1 12 oz can of navy or cannellini beans rinsed
2 cups of chopped fresh spinach or kale (Kale is traditional in this recipe but I like spinach as well)
Salt and Pepper to taste
For the meatballs
1 lbs of ground chicken (or veal)
½ cup of breadcrumbs
½ tbs of poultry seasoning
½ tsp dried oregano
½ tbs fresh rosemary finely chopped
2 garlic cloves grated
¼ cup shredded parmesan cheese
Fresh ground pepper
Start by making a really simple chicken soup. In a large pot combine the chicken, onion, parsley root, carrots, celery, garlic. Tie the rosemary and thyme with kitchen twine and add that in, as well as the bay leaf. Cover with water and bring to a boil. Once the water reaches a rolling boil, reduce the heat to low. My mother always said that you should not let the chicken soup boil hard or cook it covered as it will not be ‘clear”. Simmer the soup skimming off the foam, fat and shmutz that will rise up to the surface. Don’t salt the soup at this point, just season it with pepper. Cook for about 1 hr.
While the soup cooks, prepare the meatballs. Combine all of the ingredients and stir to combine. Do not over-mix or the meatballs will be tough.
I like to make the meatballs tiny, ½ to 1/3 of an inch in diameter. Wet the palms of your hands before rolling, it will prevent the meat from sticking. Place prepared meatballs on a cutting board and park them in the fridge until ready to use. At this point you can make an extra batch and just freeze them on a cutting board. Store in a freezer zip top bag for up to 1 month.
After an hour of simmering, remove the onion, parsley root and herbs from the soup and discard. Remove the chicken as well (you can use the boiled chicken for many purposes; I usually make chicken salad and serve the problem of school lunches for a few days).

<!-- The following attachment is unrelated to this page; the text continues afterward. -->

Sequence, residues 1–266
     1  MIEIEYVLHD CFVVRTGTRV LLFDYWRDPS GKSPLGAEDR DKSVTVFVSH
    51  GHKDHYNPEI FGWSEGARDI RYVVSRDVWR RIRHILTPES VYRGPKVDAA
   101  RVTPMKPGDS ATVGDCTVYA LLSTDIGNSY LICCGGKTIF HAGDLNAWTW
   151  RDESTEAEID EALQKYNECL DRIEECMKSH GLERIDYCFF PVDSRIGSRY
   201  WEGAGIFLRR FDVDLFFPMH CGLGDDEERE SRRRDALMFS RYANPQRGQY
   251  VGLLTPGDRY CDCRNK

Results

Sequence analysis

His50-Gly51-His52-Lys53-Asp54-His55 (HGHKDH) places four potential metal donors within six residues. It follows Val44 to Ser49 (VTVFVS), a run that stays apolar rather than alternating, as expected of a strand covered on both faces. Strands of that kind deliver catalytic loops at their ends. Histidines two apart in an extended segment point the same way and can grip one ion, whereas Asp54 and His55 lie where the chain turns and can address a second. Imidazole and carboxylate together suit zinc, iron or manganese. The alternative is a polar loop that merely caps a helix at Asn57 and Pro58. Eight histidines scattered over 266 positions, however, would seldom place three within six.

Add the pasta. Cook for 3 minutes than add all the meatballs at once. Stir gently and let cook for 5- 6 min. Add the beans (don’t forget to rinse them).
In a small ball whisk the 2 eggs and add a about a tablespoon of room temperature water. With a spatula or a long spoon stir your soup vigorously to create a whirlpool. Gently stream the egg mixture into the whirlpool continuing to stir. This will prevent the eggs from scrambling, instead you soup will become silky and turn a beautiful milky yellow color.
Now you can taste and re-season your soup. Add the salt and pepper to taste. Most likely, you will find yourself adding very little salt at this point, because of all the salty parmesan from the meatballs. This is why I don’t recommend salting this soup up until very end.
At this point you will need to add the chopped spinach or kale. If using spinach, I like to turn off the heat, add the greens, give them a stir, cover the pot and just let the soup sit for 5 -10 min before serving. If using kale, which is tougher than spinach, cook the greens in the soup for 2-3 min before turning off, covering and resting the soup.
Serve with a sprinkle of parmesan cheese or fresh ground pepper or both.
Now go call your Mother or Father!